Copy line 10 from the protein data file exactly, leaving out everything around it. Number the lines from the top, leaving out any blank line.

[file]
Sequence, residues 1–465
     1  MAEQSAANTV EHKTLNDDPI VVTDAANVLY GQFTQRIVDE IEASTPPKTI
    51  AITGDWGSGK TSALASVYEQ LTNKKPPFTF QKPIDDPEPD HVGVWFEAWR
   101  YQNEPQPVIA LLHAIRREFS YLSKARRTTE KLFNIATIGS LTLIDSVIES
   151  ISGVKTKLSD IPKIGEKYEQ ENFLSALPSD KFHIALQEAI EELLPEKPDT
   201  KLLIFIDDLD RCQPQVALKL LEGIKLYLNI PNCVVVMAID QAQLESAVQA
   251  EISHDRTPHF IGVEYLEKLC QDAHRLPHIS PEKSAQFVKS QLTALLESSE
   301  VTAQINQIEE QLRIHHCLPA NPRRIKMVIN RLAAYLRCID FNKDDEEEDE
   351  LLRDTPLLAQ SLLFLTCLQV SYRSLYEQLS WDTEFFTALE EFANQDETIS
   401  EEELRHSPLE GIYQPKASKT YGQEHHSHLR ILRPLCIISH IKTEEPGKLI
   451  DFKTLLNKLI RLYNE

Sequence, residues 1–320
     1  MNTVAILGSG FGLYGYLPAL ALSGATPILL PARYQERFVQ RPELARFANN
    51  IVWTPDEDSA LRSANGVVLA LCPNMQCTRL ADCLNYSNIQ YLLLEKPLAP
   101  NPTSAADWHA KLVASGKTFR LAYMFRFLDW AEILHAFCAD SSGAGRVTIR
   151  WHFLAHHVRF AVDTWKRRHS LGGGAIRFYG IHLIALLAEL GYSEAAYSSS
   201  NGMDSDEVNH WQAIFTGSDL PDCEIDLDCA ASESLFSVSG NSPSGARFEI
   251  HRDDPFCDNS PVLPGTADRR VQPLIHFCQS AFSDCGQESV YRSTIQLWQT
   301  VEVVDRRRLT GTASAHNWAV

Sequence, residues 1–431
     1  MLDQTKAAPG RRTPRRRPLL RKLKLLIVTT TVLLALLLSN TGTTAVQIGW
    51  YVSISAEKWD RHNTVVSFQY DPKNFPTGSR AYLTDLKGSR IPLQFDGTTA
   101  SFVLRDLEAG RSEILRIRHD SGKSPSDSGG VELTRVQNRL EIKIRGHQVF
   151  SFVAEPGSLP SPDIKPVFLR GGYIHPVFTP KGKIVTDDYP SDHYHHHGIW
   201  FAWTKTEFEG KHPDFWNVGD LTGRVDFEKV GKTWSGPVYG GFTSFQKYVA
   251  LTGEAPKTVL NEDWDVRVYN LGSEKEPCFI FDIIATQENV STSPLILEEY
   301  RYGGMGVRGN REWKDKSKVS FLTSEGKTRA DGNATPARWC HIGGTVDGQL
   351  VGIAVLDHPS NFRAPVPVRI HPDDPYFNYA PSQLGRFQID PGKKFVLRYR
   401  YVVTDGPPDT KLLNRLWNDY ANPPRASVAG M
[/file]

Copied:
   401  EEELRHSPLE GIYQPKASKT YGQEHHSHLR ILRPLCIISH IKTEEPGKLI